Who knew that Lakeside Mall would be such an influential place in a young boy’s life?
Well, Will Gilbert, one-fourth of the local instrumental band, Metronome the City, definitely didn’t think so.
But as he waited patiently for his mother to finish shopping, he was distracted by an entertainment source all his own.
“I was nine years old playing it in Lakeside Mall when they had videogames in between the different shops,” Gilbert says.
“It was bigger than the standard videogame. It was the first videogame that came out in stereo, and it had an elaborate soundtrack to go with the game that sounded almost like punk music.”
“It was just radical,” bandmate Patrick Condon adds.
The videogame this pair is raving about is 720 Degrees, the first “extreme” skateboard game of its kind created for Atari by John Salwitz and Dave Ralston in 1986.
When he was older, Gilbert got his own 720 Degrees to play at home at his convenience, and he soon got the rest of Metronome the City—Brad Theard, Brad Guillory, and Mark Laporte—to revel in the “challenging, colorful and futuristic” game. But not only did Gilbert play the game, he began to listen obsessively to the horribly mastered 8-bit soundtrack, and began making music to it on his own.
“At one point, we were all making solo albums, and one of his solo albums was 720 and he did every part he could on like keyboards and drums,” Condon says.
“So, because of Will’s familiarity with it, we wound up throwing one or two songs in our regular set, and then we decided that we were going to go for it and do the whole thing,” Condon says, laughing.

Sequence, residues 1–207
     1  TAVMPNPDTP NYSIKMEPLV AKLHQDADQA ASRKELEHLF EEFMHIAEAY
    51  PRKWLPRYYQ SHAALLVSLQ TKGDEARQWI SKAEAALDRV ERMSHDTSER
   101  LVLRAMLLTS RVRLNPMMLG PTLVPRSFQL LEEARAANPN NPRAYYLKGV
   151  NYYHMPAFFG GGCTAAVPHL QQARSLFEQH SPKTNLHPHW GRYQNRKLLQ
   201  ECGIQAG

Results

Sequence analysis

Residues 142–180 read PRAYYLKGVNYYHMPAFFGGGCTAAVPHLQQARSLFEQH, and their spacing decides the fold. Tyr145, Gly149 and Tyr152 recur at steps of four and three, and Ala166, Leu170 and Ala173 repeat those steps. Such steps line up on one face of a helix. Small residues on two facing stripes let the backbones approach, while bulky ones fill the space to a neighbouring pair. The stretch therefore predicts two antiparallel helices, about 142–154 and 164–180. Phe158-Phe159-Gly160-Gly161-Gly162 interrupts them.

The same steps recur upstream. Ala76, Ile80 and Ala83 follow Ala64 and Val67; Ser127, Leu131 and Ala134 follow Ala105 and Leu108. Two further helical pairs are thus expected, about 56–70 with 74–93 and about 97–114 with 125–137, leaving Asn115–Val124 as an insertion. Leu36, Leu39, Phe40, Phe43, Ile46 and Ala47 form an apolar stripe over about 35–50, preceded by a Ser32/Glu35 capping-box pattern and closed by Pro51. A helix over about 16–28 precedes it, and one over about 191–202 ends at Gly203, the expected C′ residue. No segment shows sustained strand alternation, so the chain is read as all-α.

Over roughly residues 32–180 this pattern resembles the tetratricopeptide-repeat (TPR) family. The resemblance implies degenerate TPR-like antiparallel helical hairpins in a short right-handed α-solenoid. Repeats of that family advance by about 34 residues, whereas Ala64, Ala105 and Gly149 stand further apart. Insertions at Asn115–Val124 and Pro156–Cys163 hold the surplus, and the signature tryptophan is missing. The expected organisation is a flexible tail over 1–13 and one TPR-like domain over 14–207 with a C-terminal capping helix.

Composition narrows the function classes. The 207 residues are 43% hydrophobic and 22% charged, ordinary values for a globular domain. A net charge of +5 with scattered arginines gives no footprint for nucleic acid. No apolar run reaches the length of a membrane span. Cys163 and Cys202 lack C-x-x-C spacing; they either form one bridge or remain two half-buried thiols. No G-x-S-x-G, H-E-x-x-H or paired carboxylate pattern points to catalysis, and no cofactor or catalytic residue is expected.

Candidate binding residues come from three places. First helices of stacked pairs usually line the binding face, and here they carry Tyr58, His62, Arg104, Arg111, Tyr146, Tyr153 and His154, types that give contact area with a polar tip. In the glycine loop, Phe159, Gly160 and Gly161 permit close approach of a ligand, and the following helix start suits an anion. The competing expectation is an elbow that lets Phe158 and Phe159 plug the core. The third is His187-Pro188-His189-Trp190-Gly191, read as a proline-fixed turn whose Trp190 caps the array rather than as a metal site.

The band emailed the original music composer, Earl Vickers, to see if they could get the original score. Although he was ecstatic by the prospect of a band finally covering his soundtrack for rocking purposes, Vickers tried and failed to find the score. He did manage to find the original recordings, and that discovery started the recording process for Metronome the City on 720 Degrees. Now, listeners can be treated to the completed pink-tastic vinyl copy of the album for free.
“It’s fun getting people into that type of music,” Gilbert says.
“People will be surprised that it’s actually really well-composed music,” Condon agrees.
“Its obviously not music that was programmed for musicians to play because it was done at such fast speeds,” Gilbert explains. “To try to interpret it with real instruments at breakneck speeds, it challenged us as musicians to try to accomplish these recordings. And we approach playing music almost like a game. Make it difficult, make it fun, and make it interactive between all of us.”